Date of Graduation


Document Type

Thesis (MS)

Program Affiliation

Medical Physics

Degree Name

Masters of Science (MS)

Advisor/Committee Chair

Stephen Kry, Ph.D.

Committee Member

Rebecca Howell, Ph.D.

Committee Member

David Followill, Ph.D.

Committee Member

Dershan Luo, Ph.D.

Committee Member

R. Allen White, Ph.D


Purpose: To evaluate the clinical impact of the Varian Exact Couch on dose and volume coverage to targets and critical structures and tumor control probability (TCP) for 6-MV IMRT and Arc Therapy.

Methods: Five clinical prostate patients were planned with both, 6-MV 8-field IMRT and 6-MV 2-field RapidArc using the Eclipse treatment planning system (TPS). These plans neglected treatment couch attenuation, as is standard clinical practice. Dose distributions were then recalculated in Eclipse with the inclusion of the Varian Exact Couch (imaging couch top) and the rails in varying configurations. The changes in dose and coverage were evaluated using the DVHs from each plan iteration. We used a tumor control probability (TCP) model to calculate losses in tumor control resulting from not accounting for the couch top and rails. We also verified dose measurements in a phantom.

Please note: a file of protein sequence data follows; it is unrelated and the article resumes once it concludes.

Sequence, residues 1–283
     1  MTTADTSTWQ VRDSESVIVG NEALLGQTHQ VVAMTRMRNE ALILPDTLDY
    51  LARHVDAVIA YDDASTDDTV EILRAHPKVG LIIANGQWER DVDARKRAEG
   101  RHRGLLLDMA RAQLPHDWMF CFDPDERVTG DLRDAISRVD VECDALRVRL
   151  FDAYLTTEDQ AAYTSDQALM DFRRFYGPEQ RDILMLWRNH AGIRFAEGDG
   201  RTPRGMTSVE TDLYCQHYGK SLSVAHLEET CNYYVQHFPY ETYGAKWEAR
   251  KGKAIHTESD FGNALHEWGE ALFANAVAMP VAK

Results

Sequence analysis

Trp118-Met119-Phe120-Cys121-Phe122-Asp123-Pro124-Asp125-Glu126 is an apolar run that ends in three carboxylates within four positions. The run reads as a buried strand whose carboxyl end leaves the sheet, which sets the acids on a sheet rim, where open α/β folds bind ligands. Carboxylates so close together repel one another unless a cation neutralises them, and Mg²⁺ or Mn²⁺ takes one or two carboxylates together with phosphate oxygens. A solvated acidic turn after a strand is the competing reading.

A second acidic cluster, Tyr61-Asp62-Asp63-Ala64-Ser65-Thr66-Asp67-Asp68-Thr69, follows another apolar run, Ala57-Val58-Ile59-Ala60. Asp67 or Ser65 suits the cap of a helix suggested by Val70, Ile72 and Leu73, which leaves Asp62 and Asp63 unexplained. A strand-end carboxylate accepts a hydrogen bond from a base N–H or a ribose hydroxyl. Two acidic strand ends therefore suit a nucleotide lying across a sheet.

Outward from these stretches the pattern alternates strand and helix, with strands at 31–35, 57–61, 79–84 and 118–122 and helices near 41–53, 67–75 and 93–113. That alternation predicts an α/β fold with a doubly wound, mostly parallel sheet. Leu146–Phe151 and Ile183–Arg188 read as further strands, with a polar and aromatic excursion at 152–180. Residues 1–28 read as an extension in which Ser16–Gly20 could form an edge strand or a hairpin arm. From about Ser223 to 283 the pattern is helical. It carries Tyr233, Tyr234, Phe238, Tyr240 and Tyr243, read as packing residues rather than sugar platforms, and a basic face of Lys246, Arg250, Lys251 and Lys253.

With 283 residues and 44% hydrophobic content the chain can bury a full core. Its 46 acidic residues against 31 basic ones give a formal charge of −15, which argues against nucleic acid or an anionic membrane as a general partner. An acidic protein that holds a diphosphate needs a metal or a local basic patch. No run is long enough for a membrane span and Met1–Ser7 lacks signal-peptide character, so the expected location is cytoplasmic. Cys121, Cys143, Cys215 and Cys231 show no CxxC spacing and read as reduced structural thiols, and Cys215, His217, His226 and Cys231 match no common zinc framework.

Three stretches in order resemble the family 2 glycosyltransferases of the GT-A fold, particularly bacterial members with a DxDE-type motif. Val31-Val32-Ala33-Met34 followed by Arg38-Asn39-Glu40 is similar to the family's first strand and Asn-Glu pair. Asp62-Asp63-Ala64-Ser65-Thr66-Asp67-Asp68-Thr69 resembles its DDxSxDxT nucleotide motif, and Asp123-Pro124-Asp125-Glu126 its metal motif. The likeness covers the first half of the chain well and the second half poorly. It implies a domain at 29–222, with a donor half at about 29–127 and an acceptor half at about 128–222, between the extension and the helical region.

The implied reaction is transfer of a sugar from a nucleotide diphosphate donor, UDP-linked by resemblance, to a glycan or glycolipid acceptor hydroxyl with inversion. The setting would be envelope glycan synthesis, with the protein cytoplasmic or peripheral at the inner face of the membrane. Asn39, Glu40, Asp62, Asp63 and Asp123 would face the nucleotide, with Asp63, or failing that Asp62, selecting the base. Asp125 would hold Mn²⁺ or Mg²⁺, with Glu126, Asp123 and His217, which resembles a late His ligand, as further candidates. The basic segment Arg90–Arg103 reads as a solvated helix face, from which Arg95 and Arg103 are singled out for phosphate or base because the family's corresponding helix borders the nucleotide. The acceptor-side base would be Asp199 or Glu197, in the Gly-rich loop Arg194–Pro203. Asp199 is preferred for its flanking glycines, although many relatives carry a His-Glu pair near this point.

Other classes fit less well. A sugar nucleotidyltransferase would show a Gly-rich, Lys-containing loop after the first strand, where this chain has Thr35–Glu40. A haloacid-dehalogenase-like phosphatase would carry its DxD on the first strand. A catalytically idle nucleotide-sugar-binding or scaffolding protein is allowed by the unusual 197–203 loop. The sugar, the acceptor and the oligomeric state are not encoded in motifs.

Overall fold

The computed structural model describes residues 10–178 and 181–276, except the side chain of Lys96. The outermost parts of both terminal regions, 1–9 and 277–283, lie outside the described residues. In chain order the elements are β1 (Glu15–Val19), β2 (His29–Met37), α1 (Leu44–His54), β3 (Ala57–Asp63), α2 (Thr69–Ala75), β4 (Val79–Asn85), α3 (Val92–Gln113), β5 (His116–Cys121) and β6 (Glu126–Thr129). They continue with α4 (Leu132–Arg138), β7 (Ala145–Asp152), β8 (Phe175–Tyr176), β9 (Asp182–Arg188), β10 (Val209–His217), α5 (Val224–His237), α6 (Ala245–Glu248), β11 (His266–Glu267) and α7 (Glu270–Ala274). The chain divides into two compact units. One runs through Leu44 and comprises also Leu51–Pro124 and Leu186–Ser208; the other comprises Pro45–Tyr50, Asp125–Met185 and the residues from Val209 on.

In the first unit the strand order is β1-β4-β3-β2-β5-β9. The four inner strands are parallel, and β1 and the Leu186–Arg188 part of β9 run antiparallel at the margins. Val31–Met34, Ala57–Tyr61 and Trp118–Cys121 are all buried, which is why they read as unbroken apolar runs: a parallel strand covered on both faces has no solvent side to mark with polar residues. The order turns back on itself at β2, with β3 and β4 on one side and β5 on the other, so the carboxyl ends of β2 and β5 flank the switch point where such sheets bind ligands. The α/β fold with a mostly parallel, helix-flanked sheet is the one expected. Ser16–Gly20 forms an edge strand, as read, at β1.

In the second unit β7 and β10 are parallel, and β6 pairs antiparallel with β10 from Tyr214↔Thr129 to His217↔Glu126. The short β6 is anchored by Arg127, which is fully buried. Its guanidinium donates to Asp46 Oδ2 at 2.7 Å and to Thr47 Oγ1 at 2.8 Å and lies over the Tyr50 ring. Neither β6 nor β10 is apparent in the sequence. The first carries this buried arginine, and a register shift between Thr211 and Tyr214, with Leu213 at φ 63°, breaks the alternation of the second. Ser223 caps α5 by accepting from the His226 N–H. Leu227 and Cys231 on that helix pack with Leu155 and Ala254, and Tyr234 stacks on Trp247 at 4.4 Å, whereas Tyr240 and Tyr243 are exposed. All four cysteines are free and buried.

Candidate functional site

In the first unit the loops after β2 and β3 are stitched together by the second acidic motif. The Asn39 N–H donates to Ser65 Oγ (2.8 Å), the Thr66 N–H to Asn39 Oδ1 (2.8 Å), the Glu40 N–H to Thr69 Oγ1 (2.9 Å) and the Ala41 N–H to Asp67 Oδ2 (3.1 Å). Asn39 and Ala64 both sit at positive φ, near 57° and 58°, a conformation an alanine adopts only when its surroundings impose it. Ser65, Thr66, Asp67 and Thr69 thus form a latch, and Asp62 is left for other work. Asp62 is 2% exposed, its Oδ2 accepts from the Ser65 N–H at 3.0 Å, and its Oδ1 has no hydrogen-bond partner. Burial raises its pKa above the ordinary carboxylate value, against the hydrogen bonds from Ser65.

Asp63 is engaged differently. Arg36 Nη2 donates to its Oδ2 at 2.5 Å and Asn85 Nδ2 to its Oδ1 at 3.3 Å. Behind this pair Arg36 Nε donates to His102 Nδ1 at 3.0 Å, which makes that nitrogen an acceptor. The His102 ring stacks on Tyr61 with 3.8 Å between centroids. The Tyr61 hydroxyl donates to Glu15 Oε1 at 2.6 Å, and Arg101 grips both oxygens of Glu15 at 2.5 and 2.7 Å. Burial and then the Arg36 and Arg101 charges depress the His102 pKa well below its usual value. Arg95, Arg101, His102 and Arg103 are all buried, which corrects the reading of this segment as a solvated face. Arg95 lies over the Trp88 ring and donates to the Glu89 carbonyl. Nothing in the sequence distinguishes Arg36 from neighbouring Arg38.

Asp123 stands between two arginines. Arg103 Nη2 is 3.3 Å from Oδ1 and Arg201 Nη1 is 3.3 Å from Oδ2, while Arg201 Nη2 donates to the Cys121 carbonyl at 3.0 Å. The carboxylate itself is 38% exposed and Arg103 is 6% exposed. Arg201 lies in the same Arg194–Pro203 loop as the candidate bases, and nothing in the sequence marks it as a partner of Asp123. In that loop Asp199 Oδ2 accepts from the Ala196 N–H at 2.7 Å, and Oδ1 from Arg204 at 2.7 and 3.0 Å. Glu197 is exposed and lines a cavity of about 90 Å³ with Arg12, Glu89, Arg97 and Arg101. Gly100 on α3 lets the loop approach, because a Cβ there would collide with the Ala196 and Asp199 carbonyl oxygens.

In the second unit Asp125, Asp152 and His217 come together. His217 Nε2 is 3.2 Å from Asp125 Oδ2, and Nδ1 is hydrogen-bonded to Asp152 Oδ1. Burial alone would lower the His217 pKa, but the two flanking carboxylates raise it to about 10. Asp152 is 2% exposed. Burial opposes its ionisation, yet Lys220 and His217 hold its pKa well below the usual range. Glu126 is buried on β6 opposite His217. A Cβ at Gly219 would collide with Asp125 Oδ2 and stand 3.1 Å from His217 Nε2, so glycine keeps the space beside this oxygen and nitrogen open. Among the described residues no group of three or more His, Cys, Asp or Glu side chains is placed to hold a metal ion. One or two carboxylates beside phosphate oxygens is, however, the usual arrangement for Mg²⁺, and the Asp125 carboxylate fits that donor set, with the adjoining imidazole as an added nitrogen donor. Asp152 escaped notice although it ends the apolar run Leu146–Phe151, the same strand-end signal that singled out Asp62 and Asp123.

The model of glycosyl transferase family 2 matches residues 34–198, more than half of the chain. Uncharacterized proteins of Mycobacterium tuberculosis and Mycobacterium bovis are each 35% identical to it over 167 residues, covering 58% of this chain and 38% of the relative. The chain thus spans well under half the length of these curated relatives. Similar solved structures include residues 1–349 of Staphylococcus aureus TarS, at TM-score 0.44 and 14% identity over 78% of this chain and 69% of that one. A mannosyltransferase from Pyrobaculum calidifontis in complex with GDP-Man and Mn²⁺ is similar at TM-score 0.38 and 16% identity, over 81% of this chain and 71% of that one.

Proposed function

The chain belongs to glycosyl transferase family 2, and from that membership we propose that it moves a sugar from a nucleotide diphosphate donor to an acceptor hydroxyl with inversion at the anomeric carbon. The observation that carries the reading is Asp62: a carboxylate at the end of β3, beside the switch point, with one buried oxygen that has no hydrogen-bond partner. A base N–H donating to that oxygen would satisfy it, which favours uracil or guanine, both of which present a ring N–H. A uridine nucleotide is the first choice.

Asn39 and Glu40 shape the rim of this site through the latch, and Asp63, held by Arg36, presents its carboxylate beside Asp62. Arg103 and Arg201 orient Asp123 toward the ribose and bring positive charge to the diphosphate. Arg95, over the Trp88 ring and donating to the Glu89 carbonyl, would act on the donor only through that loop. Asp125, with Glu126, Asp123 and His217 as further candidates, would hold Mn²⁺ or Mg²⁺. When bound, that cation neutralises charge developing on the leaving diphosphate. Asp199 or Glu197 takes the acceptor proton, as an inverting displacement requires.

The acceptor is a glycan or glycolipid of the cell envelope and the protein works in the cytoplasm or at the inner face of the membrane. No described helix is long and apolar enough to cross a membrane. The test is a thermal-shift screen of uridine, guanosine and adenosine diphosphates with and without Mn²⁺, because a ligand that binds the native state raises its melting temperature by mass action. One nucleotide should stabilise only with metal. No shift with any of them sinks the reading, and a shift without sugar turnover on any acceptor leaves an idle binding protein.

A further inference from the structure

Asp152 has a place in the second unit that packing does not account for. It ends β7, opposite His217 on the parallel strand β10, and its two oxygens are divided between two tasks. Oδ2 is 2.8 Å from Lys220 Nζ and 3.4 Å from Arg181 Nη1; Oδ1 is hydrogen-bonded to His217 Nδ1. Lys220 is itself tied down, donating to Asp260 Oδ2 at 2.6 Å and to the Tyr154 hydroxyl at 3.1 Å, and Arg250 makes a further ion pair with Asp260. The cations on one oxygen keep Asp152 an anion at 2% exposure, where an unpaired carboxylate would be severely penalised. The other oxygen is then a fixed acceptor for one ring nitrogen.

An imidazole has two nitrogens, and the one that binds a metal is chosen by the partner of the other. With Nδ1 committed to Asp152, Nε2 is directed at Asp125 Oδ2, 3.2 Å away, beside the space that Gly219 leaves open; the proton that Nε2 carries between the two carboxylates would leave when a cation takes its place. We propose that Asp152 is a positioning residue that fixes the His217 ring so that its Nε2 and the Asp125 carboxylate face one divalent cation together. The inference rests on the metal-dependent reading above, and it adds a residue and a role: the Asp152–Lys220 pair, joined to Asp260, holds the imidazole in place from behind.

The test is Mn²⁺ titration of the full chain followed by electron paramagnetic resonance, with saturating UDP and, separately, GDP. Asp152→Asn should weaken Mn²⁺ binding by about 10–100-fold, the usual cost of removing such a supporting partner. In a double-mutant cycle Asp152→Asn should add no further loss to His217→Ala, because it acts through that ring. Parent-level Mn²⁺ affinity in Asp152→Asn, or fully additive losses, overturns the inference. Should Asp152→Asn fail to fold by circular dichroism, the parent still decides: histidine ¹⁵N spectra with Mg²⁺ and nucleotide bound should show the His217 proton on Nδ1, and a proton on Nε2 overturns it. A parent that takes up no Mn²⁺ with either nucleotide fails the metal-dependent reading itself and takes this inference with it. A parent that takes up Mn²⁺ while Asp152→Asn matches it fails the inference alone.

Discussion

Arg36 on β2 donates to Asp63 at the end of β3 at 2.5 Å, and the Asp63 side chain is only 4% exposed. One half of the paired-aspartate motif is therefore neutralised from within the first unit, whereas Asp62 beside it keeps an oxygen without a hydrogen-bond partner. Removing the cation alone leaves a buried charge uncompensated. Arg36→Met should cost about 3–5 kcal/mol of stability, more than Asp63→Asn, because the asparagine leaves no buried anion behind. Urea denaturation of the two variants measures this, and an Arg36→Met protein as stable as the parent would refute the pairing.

Results: Failure to account for the treatment couch and rails resulted in clinically unacceptable dose and volume coverage losses to the target for both IMRT and RapidArc. The couch caused average dose losses (relative to plans that ignored the couch) to the prostate of 4.2% and 2.0% for IMRT with the rails out and in, respectively, and 3.2% and 2.9% for RapidArc with the rails out and in, respectively. On average, the percentage of the target covered by the prescribed dose dropped to 35% and 84% for IMRT (rails out and in, respectively) and to 18% and 17% for RapidArc (rails out and in, respectively). The TCP was also reduced by as much as 10.5% (6.3% on average). Dose and volume coverage losses for IMRT plans were primarily due to the rails, while the imaging couch top contributed most to losses for RapidArc. Both the couch top and rails contribute to dose and coverage losses that can render plans clinically unacceptable. A follow-up study we performed found that the less attenuating unipanel mesh couch top available with the Varian Exact couch does not cause a clinically impactful loss of dose or coverage for IMRT but still causes an unacceptable loss for RapidArc.

Conclusions: Both the imaging couch top and rails contribute to dose and coverage loss to a degree that, if included, would prevent the plan from meeting clinical planning criteria. Therefore, the imaging and mesh couch tops and rails should be accounted for in Arc Therapy and the imaging couch and rails only in IMRT treatment planning.


beam attenuation, treatment couch, IMRT, arc therapy, treatment planning